Doing the same tasks over and over can be grating, but is it worth it?
I first wrote this post back in November of 2014 when my daughter was 5 and my son was 1-1/2. When I recently reread it, I was struck anew by it. I am sharing it here with very minor editing. Enjoy!
Sometimes life is tedious. Sometimes motherhood is tedious. I can’t tell you how many times I wash the same dishes, fold the same clothes, put away the same toys, do the same bedtime rituals, prepare the same snacks and read the same books.
I can’t tell you how many times I vacuum the same carpet, clean off the same countertop, change the same sheets and drive the same route to and from preschool. It’s a lot.
Being home with two small children is predictably unpredictable. Every day some things are the same. Every day some things are different. It’s tedious. It’s exhausting. It’s consuming. It’s draining. But, is it worth it?
Recognizing the tediousness
I was reheating homemade potato soup for the kids’ dinner last week before we left for the evening to do some work with family. The kids were in the living room playing contently with my husband — a fact for which I was grateful. My toddler is very impatient when it comes to food and likes to orbit around me wailing while I prepare most meals. It’s delightful.
I had on my favorite Christian station. I’m more a fan of music and less a fan of talk on the radio, but in between songs when my hands were too busy to change the station, the DJ came on. He read a story from “Guideposts” about a man who had worked on Mt. Rushmore who shared how tedious the job was and how he learned that even tedious tasks are important to the big picture.
The woman interviewing him then related that to her own life and the tedious tasks of raising her sons and all that entailed. However, her sons are now grown and the tediousness is gone; she sits and looks at the grown men she has raised and is proud. The tedious tasks she did for them helped create a wonderful finished product.
The story hit my heart. Tears filled my eyes immediately as I realized I am most definitely in the tedious phase of motherhood. I finished cutting some grapes and buttering some bread and called the kids to the table. As we ate our dinner and chatted, my toddler son had a rough evening. He’s cutting a tooth and he can be quite grumpy about it. He’s also obsessed with raisins and wants them all the time for every meal and really only raisins would be just fine by him. I don’t agree that he can survive solely on raisins, so mealtimes are often a battlefield right now.
During a very short respite in our dinnertime battles, I sent up a fervent prayer while the message from the radio lingered in my heart, “Lord, please let this all be worth it. Let my children grow up to be awesome people.”
It’s tedious. It’s hard. It’s all-consuming. I know. I’ve said these things already, but I feel the need to say them again because they are so very true. I’d like to think that it will all be worth it. I don’t think I’d mind a small peek at the future to see my children living their lives as thriving, intelligent, caring and loving adults who I somehow didn’t manage to completely mess up.
That look at the future isn’t possible, though. So I will just have to keep trusting that every day, every small task I do repeatedly and in the midst of chaos is worth it. I have to remind myself that the more goodness from me and from God that I pour into my children, the more goodness they’ll pour back out into the world. And this world can always use more goodness.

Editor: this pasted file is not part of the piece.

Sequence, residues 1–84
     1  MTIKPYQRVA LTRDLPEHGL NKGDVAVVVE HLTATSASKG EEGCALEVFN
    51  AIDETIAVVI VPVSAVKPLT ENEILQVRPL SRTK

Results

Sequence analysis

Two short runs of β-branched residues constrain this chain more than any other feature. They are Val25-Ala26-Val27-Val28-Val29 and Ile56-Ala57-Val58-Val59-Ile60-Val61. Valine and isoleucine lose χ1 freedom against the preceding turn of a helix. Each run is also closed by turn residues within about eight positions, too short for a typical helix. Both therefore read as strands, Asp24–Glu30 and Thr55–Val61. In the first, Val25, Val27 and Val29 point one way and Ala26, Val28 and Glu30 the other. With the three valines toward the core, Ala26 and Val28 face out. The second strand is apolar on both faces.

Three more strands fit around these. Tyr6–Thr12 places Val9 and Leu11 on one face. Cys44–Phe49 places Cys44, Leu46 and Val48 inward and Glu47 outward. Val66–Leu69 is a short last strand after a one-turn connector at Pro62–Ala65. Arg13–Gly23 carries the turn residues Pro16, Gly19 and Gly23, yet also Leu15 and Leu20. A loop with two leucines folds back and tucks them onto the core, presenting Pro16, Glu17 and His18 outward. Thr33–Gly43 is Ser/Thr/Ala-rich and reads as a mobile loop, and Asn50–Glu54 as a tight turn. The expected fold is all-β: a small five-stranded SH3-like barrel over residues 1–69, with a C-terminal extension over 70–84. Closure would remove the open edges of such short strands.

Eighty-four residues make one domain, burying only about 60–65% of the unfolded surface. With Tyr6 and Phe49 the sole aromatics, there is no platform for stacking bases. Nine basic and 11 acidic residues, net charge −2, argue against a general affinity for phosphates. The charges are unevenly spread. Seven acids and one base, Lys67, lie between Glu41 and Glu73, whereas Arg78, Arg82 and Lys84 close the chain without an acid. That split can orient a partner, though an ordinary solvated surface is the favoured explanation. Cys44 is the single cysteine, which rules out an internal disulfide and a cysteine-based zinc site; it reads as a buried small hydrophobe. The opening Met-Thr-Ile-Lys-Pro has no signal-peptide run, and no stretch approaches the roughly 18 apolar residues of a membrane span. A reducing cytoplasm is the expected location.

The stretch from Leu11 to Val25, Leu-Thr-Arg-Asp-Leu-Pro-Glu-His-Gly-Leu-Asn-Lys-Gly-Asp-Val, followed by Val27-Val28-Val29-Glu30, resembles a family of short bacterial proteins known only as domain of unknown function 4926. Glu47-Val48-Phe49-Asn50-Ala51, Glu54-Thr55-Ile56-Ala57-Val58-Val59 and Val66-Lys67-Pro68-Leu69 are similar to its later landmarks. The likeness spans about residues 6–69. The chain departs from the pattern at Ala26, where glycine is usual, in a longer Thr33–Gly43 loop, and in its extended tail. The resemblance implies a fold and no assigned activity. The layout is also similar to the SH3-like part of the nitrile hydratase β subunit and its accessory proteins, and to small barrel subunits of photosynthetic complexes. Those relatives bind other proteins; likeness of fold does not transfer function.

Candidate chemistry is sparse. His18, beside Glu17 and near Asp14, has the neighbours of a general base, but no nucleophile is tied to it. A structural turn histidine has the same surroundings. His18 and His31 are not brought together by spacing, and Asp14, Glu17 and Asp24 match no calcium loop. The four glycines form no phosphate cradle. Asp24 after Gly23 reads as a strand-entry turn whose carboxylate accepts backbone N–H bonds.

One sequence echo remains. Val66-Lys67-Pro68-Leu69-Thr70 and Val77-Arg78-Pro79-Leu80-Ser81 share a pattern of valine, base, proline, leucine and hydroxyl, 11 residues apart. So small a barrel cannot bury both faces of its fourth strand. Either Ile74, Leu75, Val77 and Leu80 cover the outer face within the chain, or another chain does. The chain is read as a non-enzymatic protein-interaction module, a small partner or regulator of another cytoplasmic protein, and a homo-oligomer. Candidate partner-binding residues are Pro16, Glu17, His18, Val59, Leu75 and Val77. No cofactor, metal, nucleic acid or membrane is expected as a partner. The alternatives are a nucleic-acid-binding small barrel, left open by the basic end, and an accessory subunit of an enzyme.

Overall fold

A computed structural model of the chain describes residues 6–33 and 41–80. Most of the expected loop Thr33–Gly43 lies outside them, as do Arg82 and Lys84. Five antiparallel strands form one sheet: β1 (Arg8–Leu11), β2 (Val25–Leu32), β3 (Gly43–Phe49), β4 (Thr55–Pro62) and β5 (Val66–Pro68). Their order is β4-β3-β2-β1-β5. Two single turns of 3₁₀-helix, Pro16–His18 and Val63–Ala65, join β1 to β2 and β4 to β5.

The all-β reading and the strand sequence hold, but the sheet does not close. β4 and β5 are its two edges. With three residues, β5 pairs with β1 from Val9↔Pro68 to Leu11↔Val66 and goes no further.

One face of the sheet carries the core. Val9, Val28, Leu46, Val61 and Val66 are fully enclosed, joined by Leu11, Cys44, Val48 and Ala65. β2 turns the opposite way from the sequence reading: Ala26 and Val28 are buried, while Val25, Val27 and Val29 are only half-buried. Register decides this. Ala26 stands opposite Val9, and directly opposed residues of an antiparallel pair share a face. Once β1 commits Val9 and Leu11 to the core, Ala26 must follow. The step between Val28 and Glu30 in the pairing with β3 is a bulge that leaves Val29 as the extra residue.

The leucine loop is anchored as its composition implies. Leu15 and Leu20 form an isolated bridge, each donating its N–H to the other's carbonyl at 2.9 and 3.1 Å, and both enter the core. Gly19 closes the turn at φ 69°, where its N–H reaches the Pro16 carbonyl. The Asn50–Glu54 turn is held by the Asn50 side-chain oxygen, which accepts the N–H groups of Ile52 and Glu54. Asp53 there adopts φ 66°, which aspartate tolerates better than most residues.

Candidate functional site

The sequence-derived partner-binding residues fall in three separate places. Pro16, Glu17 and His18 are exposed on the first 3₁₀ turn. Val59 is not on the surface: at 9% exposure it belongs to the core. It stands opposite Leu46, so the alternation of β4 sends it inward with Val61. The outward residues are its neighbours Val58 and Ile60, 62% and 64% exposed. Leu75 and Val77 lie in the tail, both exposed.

I see glimpses of what the future might look like for my children as they grow up. I’m not sure what their occupations will be. Right now my daughter wants to be a doctor, a paleontologist or an art teacher. Right now what I see in her is a sweet spirit full of encouragement for others. I see in her a great compassion and willingness to love with a big heart. That will serve her well in the future. She will excel at making friends and making people feel valued. She already does.
My son is younger, so I’ve not had as much time to get to know him and he can’t yet communicate to me what he wants to be when he grows up, but I see a tenacity in him. He is determined and won’t give up on something he wants. While that’s frustrating to me while he’s a toddler and what he wants is something that isn’t safe for him, this character trait will serve him well in the future as he pursues his dreams and goals. I see in him an ease to laugh and love. He laughs more easily than any child I’ve been around. I adore it. I hope he always retains that inner joy.
Reminding moms of their importance
Where are you today? Are you with me stuck in the tedious tasks of motherhood that sometimes seem to drain your very life force? Are you wondering if all the hard work will be worth it in the end? Will we one day forget this tedious phase just like we have (mostly) forgotten the pain of childbirth? I think so.
Of course I don’t have all the answers. My journey is far from complete with my children. We have a long way to go, but I am going to keep pressing forward, putting one foot in front of the other, completing one tedious task after the next because that’s what a long line of moms has done before me and it worked out for them.
I will also keep moving forward and doing everything I can for my children simply because they need me and I love them in an all-consuming way that keeps me moving even when I’d much rather lie down and sleep for two weeks. Tedious? Yes. Worth it? Definitely!